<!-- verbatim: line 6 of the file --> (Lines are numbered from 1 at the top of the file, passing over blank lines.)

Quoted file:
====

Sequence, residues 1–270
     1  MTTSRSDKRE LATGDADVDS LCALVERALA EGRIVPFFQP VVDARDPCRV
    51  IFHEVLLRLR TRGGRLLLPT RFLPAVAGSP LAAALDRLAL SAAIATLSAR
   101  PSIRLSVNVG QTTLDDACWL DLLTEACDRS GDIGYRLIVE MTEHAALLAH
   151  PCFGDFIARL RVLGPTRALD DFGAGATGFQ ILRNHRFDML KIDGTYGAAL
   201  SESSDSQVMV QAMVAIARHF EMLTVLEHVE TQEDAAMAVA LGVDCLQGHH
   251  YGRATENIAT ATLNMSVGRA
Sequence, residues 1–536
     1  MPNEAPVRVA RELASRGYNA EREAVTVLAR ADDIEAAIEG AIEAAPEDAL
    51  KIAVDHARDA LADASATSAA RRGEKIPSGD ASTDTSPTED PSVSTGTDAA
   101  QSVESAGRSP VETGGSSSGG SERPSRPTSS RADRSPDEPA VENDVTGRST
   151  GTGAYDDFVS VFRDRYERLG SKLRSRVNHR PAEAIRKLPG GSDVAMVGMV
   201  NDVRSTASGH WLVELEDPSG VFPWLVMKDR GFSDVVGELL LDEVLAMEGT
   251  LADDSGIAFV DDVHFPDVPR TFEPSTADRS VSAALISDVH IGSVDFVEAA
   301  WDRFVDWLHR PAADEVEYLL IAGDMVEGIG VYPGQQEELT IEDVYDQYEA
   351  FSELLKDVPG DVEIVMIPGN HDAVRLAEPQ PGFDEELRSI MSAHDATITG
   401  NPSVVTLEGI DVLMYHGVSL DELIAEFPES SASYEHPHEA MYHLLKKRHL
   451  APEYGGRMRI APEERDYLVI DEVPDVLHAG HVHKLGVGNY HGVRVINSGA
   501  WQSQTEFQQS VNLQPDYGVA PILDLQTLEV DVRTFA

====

   201  SESSDSQVMV QAMVAIARHF EMLTVLEHVE TQEDAAMAVA LGVDCLQGHH